In our digital age, the very nature of the collection is changing. In light of rapid advances in technology and the rise of the internet, how we access, view and interpret a collection of objects is no longer as restricted as it once was. Yet it strikes me that there may be a price to pay for this new-found digital freedom and that its impact on the role of the conservator may be profound.

In order to shed some light on the impact that digitization can have on a collection, and also on the work of those who conserve it, I've looked at the example of two separate instances of one collection. That collection is the illuminted manuscripts at the British Library. In its physical form, it lives in the British Library site at St. Pancras.

And, in its digital form, it is the largest online resource for illuminated manuscripts in the world and lives here:

The Illuminated Manuscripts Online Catalogue; Credit: The British Library

There are a number of key differences and potential synergies between the physical and virtual collection, many of which the Chief Executive of the British Library, Roly Keating, clearly outlined during the launch of Living Knowledge: The British Library 2015-2023.

Living Knowledge: The role of the library in the digital age. Credit: The British Library YouTube Channel

To focus in on what the parallel existence of physical and virtual objects may mean for me, as a future conservator, I went back to the ICON code of conduct and one article particularly stood out:

'You should strive to conserve cultural heritage so that it can continue to be used for education and enjoyment, as reliable evidence of the past and as a resource for future study.'

For me, this article can be boiled down to three main points. On the one hand, it's about members of the public being able to experience the collections and objects that we work so hard to conserve. On the other hand, it's about the continued use of those same collections and objects in education and research. Finally, it's about preserving the reliability of objects as authentic evidence of the past.

The issue of access has long been a hotly contested one in conservation circles. Whilst allowing public access to a collection has obvious benefits, in allowing as many people to come into contact with the object as possible, that very same public access gives rise to major conservation challenges. Given this, the limited nature of access to the physical instance of the illuminated manuscripts collection, which is kept away from public display and is viewable only by written permission, can be seen to work in favour of the conservator who seeks to control the circumstances in which the object is kept.

However, at the same time, limiting access in this way also ensures that the conserved objects remain of academic rather than public interest. It is this exclusivity that the digital collection seeks to undo. In fact, opening up digital access to collections not only makes it easier for a wider audience to experience important historical artifacts but it also addresses the ongoing conflict between the desire to conserve and the desire to share. If we as conservators can use the digital space to allow open access to the objects we conserve then we free ourselves to make the best decisions possible in order to prolong the life of the object without worrying about the demands of public display.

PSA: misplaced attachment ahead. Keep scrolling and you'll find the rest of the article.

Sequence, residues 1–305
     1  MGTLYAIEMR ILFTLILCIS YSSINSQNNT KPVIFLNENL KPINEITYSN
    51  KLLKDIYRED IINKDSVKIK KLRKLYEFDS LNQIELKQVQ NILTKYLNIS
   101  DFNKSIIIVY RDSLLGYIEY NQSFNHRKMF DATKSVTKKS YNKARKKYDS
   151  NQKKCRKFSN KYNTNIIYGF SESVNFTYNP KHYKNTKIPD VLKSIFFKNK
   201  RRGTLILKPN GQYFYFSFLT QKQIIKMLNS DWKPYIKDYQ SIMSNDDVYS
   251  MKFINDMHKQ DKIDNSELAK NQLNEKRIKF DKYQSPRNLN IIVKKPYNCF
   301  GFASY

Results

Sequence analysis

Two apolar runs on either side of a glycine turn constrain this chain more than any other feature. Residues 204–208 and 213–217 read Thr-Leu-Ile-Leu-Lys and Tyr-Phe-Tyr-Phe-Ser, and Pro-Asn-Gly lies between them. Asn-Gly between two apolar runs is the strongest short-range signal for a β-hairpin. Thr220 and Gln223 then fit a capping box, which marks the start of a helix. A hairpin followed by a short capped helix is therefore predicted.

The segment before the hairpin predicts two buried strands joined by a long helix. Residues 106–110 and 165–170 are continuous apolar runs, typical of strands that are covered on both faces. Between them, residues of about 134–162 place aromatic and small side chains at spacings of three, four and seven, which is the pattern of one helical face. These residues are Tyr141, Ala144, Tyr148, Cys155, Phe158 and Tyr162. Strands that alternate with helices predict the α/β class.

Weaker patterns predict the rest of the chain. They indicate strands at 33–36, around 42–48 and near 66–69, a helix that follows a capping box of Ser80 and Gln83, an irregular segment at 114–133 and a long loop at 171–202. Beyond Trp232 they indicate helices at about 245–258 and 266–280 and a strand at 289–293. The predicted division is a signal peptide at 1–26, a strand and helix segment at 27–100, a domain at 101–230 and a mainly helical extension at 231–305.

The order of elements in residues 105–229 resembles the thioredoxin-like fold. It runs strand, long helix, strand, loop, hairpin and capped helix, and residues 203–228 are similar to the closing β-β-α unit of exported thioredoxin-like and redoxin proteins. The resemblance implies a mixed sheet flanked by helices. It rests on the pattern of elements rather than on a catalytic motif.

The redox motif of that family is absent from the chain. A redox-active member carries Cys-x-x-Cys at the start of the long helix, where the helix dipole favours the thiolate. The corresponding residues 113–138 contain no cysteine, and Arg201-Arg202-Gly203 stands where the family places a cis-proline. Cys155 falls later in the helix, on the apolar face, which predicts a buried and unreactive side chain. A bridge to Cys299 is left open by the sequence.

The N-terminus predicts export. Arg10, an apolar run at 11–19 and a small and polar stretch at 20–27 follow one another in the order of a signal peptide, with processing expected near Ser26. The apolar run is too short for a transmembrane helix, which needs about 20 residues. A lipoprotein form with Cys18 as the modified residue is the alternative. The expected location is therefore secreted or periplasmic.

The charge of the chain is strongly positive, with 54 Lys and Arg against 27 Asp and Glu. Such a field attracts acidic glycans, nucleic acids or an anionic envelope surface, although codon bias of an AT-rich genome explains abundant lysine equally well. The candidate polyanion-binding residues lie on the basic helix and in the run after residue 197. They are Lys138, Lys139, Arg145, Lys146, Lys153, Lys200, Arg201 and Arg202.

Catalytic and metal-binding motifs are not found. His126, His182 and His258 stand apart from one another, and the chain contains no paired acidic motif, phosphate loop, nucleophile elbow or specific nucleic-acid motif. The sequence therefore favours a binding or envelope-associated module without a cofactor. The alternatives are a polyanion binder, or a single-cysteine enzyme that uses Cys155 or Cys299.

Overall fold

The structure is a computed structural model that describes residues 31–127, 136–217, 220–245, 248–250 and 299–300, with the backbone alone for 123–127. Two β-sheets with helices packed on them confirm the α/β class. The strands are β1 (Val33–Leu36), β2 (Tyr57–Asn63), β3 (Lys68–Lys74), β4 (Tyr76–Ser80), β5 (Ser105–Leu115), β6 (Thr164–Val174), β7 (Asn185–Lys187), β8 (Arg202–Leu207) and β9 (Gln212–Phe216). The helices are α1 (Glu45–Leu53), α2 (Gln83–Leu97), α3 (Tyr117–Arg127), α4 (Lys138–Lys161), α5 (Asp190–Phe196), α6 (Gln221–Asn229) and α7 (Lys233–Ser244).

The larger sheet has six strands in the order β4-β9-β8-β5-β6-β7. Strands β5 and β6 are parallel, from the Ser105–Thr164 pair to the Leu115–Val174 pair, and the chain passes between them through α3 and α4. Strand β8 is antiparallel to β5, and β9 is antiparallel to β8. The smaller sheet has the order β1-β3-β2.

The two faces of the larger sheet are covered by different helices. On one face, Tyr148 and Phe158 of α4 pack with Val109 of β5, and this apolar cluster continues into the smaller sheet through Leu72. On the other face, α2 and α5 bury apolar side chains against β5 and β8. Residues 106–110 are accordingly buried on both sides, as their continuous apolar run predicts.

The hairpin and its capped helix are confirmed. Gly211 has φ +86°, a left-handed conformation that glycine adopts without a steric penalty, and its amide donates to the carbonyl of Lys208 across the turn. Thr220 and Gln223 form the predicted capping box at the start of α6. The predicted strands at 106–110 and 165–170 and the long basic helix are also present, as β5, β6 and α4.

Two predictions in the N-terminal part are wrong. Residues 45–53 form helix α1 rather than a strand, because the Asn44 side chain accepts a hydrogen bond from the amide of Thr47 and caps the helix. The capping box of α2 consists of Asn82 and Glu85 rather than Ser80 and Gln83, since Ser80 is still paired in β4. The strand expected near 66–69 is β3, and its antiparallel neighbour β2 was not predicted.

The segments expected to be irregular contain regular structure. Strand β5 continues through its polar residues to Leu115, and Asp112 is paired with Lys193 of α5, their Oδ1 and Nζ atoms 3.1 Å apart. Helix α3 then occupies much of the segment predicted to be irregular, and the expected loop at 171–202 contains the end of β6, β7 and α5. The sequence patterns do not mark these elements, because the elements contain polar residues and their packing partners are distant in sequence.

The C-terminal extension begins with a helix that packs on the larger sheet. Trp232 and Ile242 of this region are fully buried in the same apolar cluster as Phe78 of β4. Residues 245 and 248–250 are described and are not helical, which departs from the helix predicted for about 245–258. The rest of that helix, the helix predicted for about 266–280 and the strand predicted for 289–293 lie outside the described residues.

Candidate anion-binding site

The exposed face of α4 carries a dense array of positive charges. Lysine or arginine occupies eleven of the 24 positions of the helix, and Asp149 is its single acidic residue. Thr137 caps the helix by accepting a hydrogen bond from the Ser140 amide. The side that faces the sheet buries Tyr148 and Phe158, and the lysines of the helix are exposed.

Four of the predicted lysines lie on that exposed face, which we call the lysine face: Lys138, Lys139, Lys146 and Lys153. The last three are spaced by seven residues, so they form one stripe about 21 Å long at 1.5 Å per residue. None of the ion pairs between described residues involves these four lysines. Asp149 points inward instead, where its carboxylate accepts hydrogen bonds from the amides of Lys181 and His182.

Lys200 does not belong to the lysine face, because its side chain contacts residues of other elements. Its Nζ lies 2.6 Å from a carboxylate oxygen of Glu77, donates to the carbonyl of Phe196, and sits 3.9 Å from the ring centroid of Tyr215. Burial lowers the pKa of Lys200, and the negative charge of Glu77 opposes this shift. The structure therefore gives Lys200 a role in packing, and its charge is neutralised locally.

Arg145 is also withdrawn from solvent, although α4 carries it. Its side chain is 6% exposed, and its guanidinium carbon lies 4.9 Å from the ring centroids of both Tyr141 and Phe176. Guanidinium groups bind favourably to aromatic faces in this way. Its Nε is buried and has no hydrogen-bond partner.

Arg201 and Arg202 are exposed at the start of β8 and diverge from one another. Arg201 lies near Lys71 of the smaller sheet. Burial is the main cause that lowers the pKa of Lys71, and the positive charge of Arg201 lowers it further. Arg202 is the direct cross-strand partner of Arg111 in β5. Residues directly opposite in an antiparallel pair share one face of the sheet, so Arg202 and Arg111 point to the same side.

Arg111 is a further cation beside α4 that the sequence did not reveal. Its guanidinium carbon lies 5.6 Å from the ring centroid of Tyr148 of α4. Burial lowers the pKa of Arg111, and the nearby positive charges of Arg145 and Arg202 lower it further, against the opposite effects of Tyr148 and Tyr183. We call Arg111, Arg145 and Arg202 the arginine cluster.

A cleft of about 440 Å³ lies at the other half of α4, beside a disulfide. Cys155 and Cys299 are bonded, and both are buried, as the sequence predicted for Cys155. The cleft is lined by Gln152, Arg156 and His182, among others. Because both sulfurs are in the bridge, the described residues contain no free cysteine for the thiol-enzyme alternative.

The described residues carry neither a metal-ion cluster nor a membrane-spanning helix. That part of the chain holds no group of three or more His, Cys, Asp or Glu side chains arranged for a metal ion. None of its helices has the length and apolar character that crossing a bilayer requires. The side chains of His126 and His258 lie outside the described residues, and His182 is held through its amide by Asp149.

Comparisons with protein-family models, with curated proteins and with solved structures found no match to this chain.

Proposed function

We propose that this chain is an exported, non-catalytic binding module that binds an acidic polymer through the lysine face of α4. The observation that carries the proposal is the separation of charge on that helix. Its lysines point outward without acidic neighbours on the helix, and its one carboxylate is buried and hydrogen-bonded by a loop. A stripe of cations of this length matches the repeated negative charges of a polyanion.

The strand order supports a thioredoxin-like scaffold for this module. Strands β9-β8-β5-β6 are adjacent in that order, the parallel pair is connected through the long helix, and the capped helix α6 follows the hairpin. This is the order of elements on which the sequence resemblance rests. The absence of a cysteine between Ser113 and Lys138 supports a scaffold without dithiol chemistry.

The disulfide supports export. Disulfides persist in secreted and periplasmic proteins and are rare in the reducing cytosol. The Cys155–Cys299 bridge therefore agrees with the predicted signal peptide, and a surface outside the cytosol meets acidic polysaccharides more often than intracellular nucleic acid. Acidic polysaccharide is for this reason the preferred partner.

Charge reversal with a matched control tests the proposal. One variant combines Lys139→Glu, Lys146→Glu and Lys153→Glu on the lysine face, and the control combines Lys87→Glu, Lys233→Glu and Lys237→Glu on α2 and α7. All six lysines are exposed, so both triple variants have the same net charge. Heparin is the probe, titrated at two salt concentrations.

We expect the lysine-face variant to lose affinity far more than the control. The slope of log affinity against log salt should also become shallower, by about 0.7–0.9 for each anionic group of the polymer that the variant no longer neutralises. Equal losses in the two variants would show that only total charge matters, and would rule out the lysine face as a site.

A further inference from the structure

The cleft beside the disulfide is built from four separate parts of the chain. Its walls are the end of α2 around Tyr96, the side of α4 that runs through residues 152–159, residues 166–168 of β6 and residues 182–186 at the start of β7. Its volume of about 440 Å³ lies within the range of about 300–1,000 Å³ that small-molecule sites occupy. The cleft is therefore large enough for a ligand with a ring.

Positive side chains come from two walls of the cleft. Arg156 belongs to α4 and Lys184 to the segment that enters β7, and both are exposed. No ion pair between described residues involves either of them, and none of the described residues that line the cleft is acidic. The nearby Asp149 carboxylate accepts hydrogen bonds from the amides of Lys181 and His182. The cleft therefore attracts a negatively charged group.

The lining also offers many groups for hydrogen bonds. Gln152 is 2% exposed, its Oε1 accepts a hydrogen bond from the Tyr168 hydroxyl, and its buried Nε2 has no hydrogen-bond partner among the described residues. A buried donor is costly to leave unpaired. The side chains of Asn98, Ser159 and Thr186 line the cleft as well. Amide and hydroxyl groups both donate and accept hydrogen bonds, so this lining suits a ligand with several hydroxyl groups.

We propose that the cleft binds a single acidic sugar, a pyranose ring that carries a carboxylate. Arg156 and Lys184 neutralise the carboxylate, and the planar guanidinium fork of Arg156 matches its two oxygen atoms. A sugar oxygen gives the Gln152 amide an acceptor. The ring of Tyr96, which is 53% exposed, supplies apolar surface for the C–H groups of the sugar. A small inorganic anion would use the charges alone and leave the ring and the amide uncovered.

What's more, digital collections transform their contents into a permanently available public education resource as opposed to a privately kept collection whose educational benefits belong to a lucky few. Indeed, more than just opening up the manuscripts to the public, digitized collections also can be seen to be giving those artifacts, and the conservation work that underpins them, a whole new life. In the digital space they are no longer tethered to the physical reality of an individual volume, such that, they can be reused, reevaluated and reimagined.

I suppose the flip side of all of that is for all the new life that the digitisation of a collection can breathe into the objects it contains, it is hard to avoid the feeling that that very same process takes us further away from those original physical objects we aim to protect.

For instance, if you are lucky enough to see the illuminated manuscripts collection first-hand, think of all the things that you get that the digitized user doesn't. You would get to feel their weight, experience the lustre of the illuminated illustrations and the texture of the materials from which they are constructed. All of this is lost when you transform a three-dimensional object into a flattened digital image.

But at the same time, it is also true that digital technology heightens and enriches your experience of a book. For example, the digital manuscripts website allows users to zoom in digitally on the pages, and in so doing, reveal aspects such as imperfections in the page, intricacies in the design that you wouldn't be able to see with the human eye, potentially opening up a whole range of new avenues for conversation research.

Gospel Lectionary; Credit:The British Library

I hope this short post demonstrates the dual impact that digitization has for collections and, most particularly, for the conservation of those collections. Digitization is, on many levels, a hugely exciting thing for us as conservators, opening up new levels of public access to our work and leaving us potentially less encumbered by the demands of public display. But, at the same time, do we not run the danger that digitized objects will become so widely available as to decrease the demand, and therefore support, for physical conservation work?